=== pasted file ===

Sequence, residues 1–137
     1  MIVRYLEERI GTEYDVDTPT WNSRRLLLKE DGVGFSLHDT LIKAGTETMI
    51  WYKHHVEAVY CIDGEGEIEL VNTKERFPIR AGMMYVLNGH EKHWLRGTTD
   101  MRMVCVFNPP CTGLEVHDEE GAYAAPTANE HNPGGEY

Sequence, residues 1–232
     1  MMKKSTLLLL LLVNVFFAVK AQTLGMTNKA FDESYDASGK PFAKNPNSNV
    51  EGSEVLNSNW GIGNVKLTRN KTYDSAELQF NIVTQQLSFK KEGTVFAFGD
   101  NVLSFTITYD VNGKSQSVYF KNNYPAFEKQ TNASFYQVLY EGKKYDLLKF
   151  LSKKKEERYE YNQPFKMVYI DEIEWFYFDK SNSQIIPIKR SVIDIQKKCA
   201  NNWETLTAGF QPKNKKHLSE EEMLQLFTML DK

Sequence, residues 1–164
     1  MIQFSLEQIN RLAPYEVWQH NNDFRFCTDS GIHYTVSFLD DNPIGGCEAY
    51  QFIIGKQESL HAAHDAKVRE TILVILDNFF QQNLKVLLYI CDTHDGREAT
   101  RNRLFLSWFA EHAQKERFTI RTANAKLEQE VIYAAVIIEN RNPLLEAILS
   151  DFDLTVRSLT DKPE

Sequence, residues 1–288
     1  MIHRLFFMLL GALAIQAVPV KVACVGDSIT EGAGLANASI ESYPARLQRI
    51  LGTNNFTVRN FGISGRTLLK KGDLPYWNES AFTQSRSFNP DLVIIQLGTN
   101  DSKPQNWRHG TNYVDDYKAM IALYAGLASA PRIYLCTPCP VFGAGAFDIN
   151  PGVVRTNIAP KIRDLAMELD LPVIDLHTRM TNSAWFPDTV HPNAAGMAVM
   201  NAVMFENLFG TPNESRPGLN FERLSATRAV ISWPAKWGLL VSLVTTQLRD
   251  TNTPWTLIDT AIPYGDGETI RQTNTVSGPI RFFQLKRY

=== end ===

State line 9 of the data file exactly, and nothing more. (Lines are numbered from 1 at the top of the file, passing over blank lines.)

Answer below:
   151  LSKKKEERYE YNQPFKMVYI DEIEWFYFDK SNSQIIPIKR SVIDIQKKCA